Why We Must Charge for Completing Forms

It recently came to my attention that there was confusion as to why we must charge for completing paper work for patients. I want to try to candidly put this into perspective.

In another post, a long time ago, I spoke about the economics of medical practice. Most providers never talk about this and some would consider it inappropriate to do so. However, I think this discussion plays an important role in patient care and helps our patients understand why we come to work each morning.

The Pacific Rim Headache Center was created for one simple reason, our passion for helping headache sufferers get better. Making money was never on our radar.  Most of our energy, when it comes to finances, is directed toward  avoiding going bankrupt. This is despite having a schedule that is always full.

In this complex culture of medical practice, our expenses are beyond belief.  It cost us $150/hour just to pay our expenses and to keep the doors open. To earn $150/hour we must charge double that because 50% of our fees go unpaid.

In a busy practice the volume of forms is out of control. Recently I took two days off to go and meet my new grandson in Minnesota and for his older brother’s surgery. When I returned home, I had 27 forms waiting on my desk for me to complete.  The simplest of those forms, for refills, FMLA or prior authorizations, take twenty minutes to complete. I must chart on each form in the patient’s record, talk to pharmacies and etc. The most complex of those are forms for lawyers and insurance disability forms.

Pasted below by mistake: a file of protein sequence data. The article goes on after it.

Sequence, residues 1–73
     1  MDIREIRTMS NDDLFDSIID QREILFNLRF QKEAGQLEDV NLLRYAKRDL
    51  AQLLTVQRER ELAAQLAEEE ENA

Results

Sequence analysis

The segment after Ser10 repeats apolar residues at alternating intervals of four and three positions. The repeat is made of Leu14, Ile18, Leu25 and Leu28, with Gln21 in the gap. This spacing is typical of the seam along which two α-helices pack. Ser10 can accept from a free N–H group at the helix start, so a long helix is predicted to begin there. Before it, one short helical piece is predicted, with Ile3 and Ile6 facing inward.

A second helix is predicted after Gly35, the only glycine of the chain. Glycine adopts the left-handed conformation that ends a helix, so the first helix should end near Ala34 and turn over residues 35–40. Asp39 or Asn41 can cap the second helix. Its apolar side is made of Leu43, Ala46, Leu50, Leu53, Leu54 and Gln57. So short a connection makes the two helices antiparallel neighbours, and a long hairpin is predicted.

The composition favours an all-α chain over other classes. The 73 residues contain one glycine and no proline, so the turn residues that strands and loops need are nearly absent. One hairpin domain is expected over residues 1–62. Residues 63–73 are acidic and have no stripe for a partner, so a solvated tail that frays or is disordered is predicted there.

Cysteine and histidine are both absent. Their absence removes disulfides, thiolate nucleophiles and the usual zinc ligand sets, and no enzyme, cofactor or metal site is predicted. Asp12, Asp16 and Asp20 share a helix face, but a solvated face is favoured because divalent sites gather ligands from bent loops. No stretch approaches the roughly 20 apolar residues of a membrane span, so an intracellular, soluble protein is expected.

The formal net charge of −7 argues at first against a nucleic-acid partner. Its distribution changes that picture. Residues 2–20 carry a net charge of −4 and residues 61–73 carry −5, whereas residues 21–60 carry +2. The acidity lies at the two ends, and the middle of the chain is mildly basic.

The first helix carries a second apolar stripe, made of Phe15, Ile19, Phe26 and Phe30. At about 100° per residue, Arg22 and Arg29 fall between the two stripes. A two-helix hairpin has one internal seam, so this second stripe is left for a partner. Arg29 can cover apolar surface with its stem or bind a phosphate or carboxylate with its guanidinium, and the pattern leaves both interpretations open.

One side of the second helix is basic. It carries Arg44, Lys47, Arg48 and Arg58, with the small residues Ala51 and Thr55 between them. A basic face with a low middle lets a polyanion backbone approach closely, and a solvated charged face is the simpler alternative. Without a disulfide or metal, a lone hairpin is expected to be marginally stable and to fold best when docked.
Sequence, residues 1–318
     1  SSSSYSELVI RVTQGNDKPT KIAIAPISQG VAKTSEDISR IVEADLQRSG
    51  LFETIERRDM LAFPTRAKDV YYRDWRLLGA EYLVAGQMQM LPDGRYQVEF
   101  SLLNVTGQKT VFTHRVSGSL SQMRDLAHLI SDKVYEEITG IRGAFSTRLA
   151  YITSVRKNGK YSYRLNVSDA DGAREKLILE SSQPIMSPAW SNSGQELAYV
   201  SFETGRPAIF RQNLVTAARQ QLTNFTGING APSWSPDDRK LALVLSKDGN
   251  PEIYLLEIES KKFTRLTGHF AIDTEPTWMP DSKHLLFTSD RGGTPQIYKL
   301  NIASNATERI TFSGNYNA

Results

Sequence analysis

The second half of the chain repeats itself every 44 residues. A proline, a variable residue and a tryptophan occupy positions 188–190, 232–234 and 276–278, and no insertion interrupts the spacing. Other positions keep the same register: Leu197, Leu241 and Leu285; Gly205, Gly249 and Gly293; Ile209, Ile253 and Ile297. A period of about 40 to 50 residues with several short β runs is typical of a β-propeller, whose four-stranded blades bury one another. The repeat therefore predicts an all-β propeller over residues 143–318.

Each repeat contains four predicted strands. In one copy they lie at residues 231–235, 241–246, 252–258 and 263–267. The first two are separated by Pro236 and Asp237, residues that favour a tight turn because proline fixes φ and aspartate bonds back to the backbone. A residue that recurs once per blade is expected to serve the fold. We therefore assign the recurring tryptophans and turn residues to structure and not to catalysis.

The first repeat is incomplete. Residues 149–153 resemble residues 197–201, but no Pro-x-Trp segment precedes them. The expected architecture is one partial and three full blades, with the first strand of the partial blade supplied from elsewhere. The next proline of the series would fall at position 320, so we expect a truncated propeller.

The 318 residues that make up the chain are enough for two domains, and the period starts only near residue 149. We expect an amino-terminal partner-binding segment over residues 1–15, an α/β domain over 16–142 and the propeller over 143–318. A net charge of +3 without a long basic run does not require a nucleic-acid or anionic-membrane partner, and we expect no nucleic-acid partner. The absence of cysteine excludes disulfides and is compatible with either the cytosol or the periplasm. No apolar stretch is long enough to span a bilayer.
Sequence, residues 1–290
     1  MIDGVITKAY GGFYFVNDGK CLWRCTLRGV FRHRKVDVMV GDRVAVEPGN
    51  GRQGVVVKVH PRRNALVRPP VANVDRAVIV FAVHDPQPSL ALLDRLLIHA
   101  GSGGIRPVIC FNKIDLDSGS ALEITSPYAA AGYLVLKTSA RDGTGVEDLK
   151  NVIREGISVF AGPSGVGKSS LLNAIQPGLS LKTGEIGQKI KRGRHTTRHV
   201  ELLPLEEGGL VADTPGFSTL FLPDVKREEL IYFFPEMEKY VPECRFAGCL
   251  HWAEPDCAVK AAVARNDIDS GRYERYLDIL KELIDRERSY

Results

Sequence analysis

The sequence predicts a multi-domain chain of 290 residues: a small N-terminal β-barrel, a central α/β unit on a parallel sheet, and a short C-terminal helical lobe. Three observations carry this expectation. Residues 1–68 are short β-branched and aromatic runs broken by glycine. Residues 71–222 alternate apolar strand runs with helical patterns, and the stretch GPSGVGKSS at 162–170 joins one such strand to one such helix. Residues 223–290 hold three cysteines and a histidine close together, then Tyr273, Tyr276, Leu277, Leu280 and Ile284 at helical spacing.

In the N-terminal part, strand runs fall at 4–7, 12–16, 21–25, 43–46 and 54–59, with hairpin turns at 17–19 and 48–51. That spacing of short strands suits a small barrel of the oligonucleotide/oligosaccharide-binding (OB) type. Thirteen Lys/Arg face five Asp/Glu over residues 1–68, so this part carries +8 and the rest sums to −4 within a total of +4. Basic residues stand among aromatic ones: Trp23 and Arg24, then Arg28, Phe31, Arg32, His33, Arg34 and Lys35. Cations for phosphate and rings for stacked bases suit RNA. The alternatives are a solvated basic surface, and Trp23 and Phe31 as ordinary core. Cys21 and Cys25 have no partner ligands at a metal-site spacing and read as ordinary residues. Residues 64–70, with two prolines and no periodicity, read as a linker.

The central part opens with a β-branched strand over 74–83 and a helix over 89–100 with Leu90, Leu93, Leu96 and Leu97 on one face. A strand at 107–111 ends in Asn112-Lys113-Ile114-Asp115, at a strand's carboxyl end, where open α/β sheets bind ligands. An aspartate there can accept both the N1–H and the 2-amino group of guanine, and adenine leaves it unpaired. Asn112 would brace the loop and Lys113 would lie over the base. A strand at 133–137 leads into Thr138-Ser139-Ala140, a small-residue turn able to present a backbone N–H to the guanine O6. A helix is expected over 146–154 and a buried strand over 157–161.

These more complex forms take thirty minutes to an hour to complete. We do not charge for the simpler forms but we must for the later. For every hour we spend completing forms, it is an hour we are taken away from seeing patients. To help make up for that lost time, we must charge for that time. You must understand that we spend one to two hours per day filling out forms for patients. If we give that time away for free, we could not stay in business for very long and our patients would remain without help.

My most frustrating experience with this form issue is when patients become angry about it and vow to never come back. It is frustrating for me because I want so much to help patients get better and when anything interferes with that goal, I find it disappointing.

If a patient doesn’t want to pay for the form completion, they should simply bring the forms with them and we will discuss them and complete them during the visit.